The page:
Harman creates separate audio ‘zones’ for each passenger
Infotainment manufacturer Harman has designed a new system for cars that is capable of giving each person their own audio without it interrupting their fellow passengers.
Harman’s Individual Sound Zones build on a vehicle’s regular audio system by adding a number of other speakers to the inside of a car, each aimed at giving passengers their own virtual pod for listening.
The idea is to avoid circumstances in the car that might be distracting for passengers, for example navigation and phone calls are important to drivers, but are likely to interrupt the music, games and audio books that other passengers might be listening to.
Roof-installed electrodynamic planar loudspeakers, or line arrays, and mid-range directional speakers in the headrests are coupled with digital signal processing, which adjusts cabin and speakers to deal with music, voice or other noises from other zones.
Passengers are only able to activate and control their specific zone and, while the system is said to be fairly effective, Harman has stated that passengers can still hear other sounds in the cabin. However, interruptions and distractions are said to be limited.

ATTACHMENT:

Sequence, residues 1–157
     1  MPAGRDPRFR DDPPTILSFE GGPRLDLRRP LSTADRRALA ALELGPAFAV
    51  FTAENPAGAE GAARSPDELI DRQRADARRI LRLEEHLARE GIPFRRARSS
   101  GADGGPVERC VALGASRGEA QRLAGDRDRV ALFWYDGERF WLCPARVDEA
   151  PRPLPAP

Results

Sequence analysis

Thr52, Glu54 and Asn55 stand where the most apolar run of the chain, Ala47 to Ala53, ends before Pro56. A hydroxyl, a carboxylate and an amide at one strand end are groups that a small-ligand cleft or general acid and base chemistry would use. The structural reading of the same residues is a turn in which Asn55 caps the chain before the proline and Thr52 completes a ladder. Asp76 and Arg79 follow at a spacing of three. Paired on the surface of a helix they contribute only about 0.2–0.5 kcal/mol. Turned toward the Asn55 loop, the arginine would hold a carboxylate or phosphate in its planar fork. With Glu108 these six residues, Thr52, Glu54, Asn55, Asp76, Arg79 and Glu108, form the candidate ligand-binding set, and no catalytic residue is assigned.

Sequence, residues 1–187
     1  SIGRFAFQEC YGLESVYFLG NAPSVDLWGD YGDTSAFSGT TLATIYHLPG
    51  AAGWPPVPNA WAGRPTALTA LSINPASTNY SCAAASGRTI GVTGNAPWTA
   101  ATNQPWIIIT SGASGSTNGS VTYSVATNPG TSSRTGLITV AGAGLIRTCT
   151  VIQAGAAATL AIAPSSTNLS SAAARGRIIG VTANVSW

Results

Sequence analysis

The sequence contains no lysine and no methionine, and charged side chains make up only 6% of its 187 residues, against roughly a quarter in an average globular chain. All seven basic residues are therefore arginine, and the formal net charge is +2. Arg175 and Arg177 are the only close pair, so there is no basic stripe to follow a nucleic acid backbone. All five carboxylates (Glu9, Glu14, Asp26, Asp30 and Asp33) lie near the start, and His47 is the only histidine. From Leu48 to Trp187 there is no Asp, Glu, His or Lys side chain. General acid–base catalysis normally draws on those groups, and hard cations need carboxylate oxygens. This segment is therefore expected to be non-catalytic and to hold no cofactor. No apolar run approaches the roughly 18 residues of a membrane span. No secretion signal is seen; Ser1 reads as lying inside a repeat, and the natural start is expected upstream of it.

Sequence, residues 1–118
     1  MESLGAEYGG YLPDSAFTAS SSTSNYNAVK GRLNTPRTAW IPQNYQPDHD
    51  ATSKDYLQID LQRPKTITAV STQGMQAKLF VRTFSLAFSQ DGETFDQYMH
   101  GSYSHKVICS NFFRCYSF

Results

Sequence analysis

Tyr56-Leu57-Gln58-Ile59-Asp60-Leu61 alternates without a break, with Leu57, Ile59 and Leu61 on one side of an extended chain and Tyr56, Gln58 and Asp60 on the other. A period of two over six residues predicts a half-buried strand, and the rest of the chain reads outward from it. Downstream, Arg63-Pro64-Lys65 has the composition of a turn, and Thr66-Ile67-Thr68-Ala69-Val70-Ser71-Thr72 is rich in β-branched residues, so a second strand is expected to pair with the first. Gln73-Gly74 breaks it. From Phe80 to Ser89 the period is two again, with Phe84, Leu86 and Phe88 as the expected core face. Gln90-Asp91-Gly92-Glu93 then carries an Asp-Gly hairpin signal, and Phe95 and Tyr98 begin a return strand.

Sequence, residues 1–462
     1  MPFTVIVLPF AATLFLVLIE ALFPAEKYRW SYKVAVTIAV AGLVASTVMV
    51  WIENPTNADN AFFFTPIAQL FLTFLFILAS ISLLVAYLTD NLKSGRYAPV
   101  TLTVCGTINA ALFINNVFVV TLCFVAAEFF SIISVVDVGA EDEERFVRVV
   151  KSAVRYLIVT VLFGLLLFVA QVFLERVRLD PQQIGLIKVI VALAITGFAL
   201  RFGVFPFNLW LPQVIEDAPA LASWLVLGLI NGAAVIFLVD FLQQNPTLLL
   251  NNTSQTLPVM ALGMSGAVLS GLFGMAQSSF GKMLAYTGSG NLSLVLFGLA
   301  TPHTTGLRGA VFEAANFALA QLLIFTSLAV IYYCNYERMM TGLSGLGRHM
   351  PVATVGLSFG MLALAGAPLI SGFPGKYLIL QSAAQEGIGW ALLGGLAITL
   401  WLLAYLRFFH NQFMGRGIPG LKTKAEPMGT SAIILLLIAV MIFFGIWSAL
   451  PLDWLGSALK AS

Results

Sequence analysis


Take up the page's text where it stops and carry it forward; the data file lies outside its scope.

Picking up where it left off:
In addition to Sound Zones, Harman has also announced HaloSonic, a noise solution technology that sets out to minimise external sounds emanating inside the car.
For road noise, Harman’s system detects unwanted sounds from the road surface and then neutralises it through the vehicle’s audio system. There are obvious benefits to passengers, but the technology also allows manufacturers to improve weight distribution and vehicle handling without worrying about excessive interior noise.
Drowning out engine noise is done in a similar way to how noise-cancelling headphones deal with external sounds, by generating a sound wave that is opposite and in phase to the engine noise. It does this through ceiling-mounted microphones in the car.
These latest audio developments are likely influenced by consumers wanting more from their car’s sound system than simply power and speaker distribution, according to Mark Boyadjis, a senior analyst & manager of infotainment & HMI at IHS Automotive.
“Wattage and speaker count doesn’t cut it anymore. Innovations in software, hardware, materials, and audio source content are becoming the key components to improving the in-vehicle audio experience.”